At the last rendezvous, which had been held at Bear Lake, three days travel north of the Great Salt Lake, Jedediah had undertaken a new role in the mountain fur trade. At the age of twenty-six, he had already spent four years in the trackless regions, starting out as a meat hunter with General William Ashley’s fur brigade on the upper Missouri. After one year, he was the acknowledged leader of a squad of trappers. He had crossed and recrossed the continental divide over passes only Indians had used. He drove himself and his men as they ventured across deserts or snowy mountain trails. He had a reserve and an austerity that commanded the respect of his peers. They naturally turned to him when words were needed to memorialize a colleague. who had been killed by Indians or had succumbed to a freezing winter. At the Bear Lake rendezvous, General Ashley, having noted Jedediah’s leadership, had suggested a change in their business practices. He proposed that Jedediah and two partners take over fur-gathering operations in the mountains and to the west. Jedediah, happy both with the prospect of increased rewards and the opportunity to continue his unfettered life in the wilderness, had accepted readily.
In previous years, Jedediah had trapped along the upper Missouri and the northern Rockies; under the new arrangement he had decided to go southward. He hoped to find rich fur grounds, but he also wanted to explore new lands. He knew that the Spanish had established outposts in the mountains in Taos and Santa Fe and missions along the Pacific coast, but the territory between those places and the Great Salt Lake had been probed only by the rare straggler. If he got too close to the missions, he would be infringing on Mexican sovereign territory. But he was curious about the missions, and he hoped to see the Pacific Ocean.
“There is no point in going back the way we came,” Jedediah said. “We had to fight rough country and there was not much beaver.”
“But the Indians say any other direction would be just as tough or tougher,” Harrison said.
“Yes, but only one direction leads to where we can get help.”
“I know you.” Harrison chuckled, and leaned back. “You want to see the Spanish. You want to go to the missions where they grow fruit—and grapes—and make wine.”
“You know I’m not given to drink. But where else can we go? The mission is the closest, surest goal. We’re not in any great shape to venture into the unknown.”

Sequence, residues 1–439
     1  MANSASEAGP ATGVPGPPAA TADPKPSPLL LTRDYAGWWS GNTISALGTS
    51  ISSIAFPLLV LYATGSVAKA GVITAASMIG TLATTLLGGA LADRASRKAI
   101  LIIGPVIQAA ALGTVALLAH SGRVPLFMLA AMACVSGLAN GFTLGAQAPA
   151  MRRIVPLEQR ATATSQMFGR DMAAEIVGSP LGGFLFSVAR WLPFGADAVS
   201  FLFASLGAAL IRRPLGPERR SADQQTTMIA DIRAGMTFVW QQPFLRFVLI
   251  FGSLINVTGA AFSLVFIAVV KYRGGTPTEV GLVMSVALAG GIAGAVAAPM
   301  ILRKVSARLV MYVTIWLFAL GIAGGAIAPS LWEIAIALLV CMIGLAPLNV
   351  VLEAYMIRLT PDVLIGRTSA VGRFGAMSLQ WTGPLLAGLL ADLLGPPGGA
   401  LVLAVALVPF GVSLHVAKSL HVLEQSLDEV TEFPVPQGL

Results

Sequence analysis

“We don’t have a license to go into Spanish territory,” Harrison reminded him. “We’re already trespassing here and have been for I don’t know how long.”
“They are God-fearing Catholics, those Spanish. They’ll take us in, fellow human beings in need.”
“They’ll take us in and jail us, maybe shoot us as spies.”
“You don’t believe that,” Jedediah said.” We’ll be coming in as forlorn travelers from a friendly country.”
“I’m just twitting you, Jedediah.” Harrison laughed. “I wanted to see how set you are on going to the missions.”
“I have to admit I do have a hankering.”
“Actually, I’m not averse myself,” Harrison said.
Abraham had been listening. “It would be nice to get some wine. Perhaps they make brandy too. Luckily we have the two wayward converts ready to help guide us.”
“Fruit and wine are well and good, but what we really need to get is new horses,” Jedediah said.
Led by Pablo Tuc and Francisco, they left the Colorado River and followed the sun west. The land became as barren as any they had seen. They reached a dried-out lake bed, as flat as a billiard table, but covered with a salt crust that broke under their feet. Then more dust, gravel and yucca plants; the sun constant and punishing though it was already November. To escape the heat they traveled mostly at night or in the early morning hours. But still the men and the horses suffered. Everyone suffered from thirst, and for the men that elemental need was compounded by the uncertainty of not knowing when—or whether—the next source of water would be found. They relied on Pablo Tuc’s and Francisco ‘s memories, but the water sources still seemed to be separated by torturous distances. They trudged onward day after weary day. They came upon a river that disappeared underground and reappeared to be marked by willows and cottonwoods, which contrasted with the characteristic expanse of cactus and yucca. This, the Mojave River, Jedediah called the Inconstant River. They followed it for four days to its source in the San Bernardino mountains.
“Over on the other side we’ll find plenty of grass and water,” said Pablo Tuc. “Just one more day.”
With renewed energy, they crossed the mountains, they saw green grass carpeting thousands of acres of the broad valley, and trees throughout—live oaks dotted the hillsides to the south and courses of trees marked the waterways in the valley. After what they had been through, it seemed like an alien world. To the north, high mountains, timbered in pine and cedar, formed a rampart.